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Lawyers blame ChatGPT for tricking them into citing false case law

NEW YORK (AP) – Two apologetic lawyers responding to an angry Manhattan federal court judge blamed ChatGPT on Thursday for tricking them into including fictitious legal research in a lawsuit.

Attorneys Steven A. Schwartz and Peter LoDuca are facing possible penalties for a lawsuit against an airline that included references to past lawsuits that Schwartz believed were real but were actually invented by the artificial intelligence-powered chatbot.

Schwartz explained that he used the groundbreaking program when he was hunting for legal precedents that supported a client̵[ads1]7;s case against the Colombian airline Avianca for an injury sustained on a 2019 flight.

The chatbot, which has mesmerized the world with its production of essay-like answers to questions from users, suggested several cases involving aviation accidents that Schwartz had been unable to find through normal methods used in his law firm.

The problem was that several of these cases were not real or involved airlines that did not exist.

Schwartz told U.S. District Judge P. Kevin Castel that he was “operating under a misapprehension … that this website obtained these cases from a source that I did not have access to.”

He said he “totally failed” to do follow-up investigations to ensure the quotes were correct.

“I didn’t realize ChatGPT could make cases,” Schwartz said.

Microsoft has invested around $1 billion in OpenAIthe company behind ChatGPT.

The success, which shows how artificial intelligence can change the way people work and learn, has raised fears from some. Hundreds of industry leaders signed a letter in May warning that “mitigating the risk of extinction from AI should be a global priority along with other societal risks such as pandemics and nuclear war.”

Judge Castel appeared both confused and disturbed by the unusual incident and disappointed that the lawyers did not act quickly to correct the false legal references when they were first alerted to the problem by Avianca’s lawyers and the court. Avianca pointed out the false case law in a filing in March.

The judge confronted Schwartz with one trial invented by the computer program. It was originally described as a wrongful death lawsuit filed by a woman against an airline, only to be transformed into a legal claim by a man who missed a flight to New York and was forced to incur additional expenses.

“Can we agree it’s legal bullshit?” Castel asked.

Schwartz said he mistakenly believed the confusing presentation was the result of excerpts being pulled from different parts of the case.

When Castel finished his questioning, he asked Schwartz if he had anything else to say.

“I want to apologize,” Schwartz said.

He added that he had suffered personally and professionally as a result of the blunder and felt “embarrassed, humiliated and extremely remorseful.”

He said he and the firm where he worked – Levidow, Levidow & Oberman – had put in place safeguards to ensure nothing like this happens again.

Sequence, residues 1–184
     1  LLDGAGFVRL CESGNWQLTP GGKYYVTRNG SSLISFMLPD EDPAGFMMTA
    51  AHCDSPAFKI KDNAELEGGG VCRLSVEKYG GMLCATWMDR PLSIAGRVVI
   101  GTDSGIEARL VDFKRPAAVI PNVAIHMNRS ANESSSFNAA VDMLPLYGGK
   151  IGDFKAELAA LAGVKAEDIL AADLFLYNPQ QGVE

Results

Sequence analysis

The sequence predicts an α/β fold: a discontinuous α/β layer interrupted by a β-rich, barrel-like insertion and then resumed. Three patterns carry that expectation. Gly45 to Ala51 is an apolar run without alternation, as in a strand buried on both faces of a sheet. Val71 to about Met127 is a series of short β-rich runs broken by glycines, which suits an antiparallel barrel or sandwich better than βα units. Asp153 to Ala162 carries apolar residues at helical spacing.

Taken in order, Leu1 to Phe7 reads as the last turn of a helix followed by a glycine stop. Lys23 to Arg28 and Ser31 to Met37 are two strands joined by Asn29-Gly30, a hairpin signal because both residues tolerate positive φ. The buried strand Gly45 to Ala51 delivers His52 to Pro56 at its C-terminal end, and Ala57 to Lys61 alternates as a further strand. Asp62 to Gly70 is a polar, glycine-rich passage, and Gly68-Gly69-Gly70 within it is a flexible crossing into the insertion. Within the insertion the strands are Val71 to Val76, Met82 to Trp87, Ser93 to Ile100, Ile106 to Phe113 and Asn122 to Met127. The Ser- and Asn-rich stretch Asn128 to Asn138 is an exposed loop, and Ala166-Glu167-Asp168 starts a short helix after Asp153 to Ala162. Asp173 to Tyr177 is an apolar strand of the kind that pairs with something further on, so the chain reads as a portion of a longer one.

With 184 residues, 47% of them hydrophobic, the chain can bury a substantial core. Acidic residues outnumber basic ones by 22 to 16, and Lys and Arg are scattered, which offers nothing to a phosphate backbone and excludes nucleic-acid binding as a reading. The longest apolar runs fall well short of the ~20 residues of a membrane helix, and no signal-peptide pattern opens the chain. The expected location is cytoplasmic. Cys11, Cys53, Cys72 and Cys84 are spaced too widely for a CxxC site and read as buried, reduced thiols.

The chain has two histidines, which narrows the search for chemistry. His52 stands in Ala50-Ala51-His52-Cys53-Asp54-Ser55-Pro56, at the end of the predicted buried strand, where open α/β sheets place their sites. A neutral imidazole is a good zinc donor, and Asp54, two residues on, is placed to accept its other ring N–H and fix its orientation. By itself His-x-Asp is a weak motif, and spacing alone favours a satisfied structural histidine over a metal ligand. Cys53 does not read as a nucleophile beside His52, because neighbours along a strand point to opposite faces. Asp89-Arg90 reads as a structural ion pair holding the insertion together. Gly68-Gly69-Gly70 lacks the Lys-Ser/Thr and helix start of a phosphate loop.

LoDuca, another attorney who worked on the case, said he trusted Schwartz and did not consider what he had gathered.

After the judge read aloud portions of a cited case to show how easy it was to see that it was “nonsense,” LoDuca said, “It never occurred to me that this was a bogus case.”

He said the result “pains me endlessly”.

Ronald Minkoff, an attorney for the law firm, told the judge that the filing was “the result of carelessness, not bad faith” and should not result in sanctions.

He said lawyers have historically had a hard time with technology, especially new technology, “and it’s not getting any easier.”

“Mr. Schwartz, someone who hardly does any federal research, chose to use this new technology. He thought he was dealing with a standard search engine,” Minkoff said. “What he was doing was playing with live ammunition.”

Daniel Shin, an adjunct professor and assistant director of research at the Center for Legal and Court Technology at William & Mary Law School, said he introduced the Avianca case during a conference last week that attracted dozens of attendees in person and online from state and federal governments . courts in the United States, including Manhattan federal court.

He said the topic caused shock and confusion at the conference.

“We’re talking about the Southern District of New York, the federal district that handles big cases, 9/11 to all the big financial crimes,” Shin said. “This was the first documented case of potential professional misconduct by a lawyer using generative AI.”

He said the case demonstrated how the lawyers may not have understood how ChatGPT works because it tends to hallucinate, talking about fictional things in a way that sounds realistic but isn’t.

“It highlights the dangers of using promising AI technologies without knowing the risks,” Shin said.

The judge said he will decide on sanctions at a later date.

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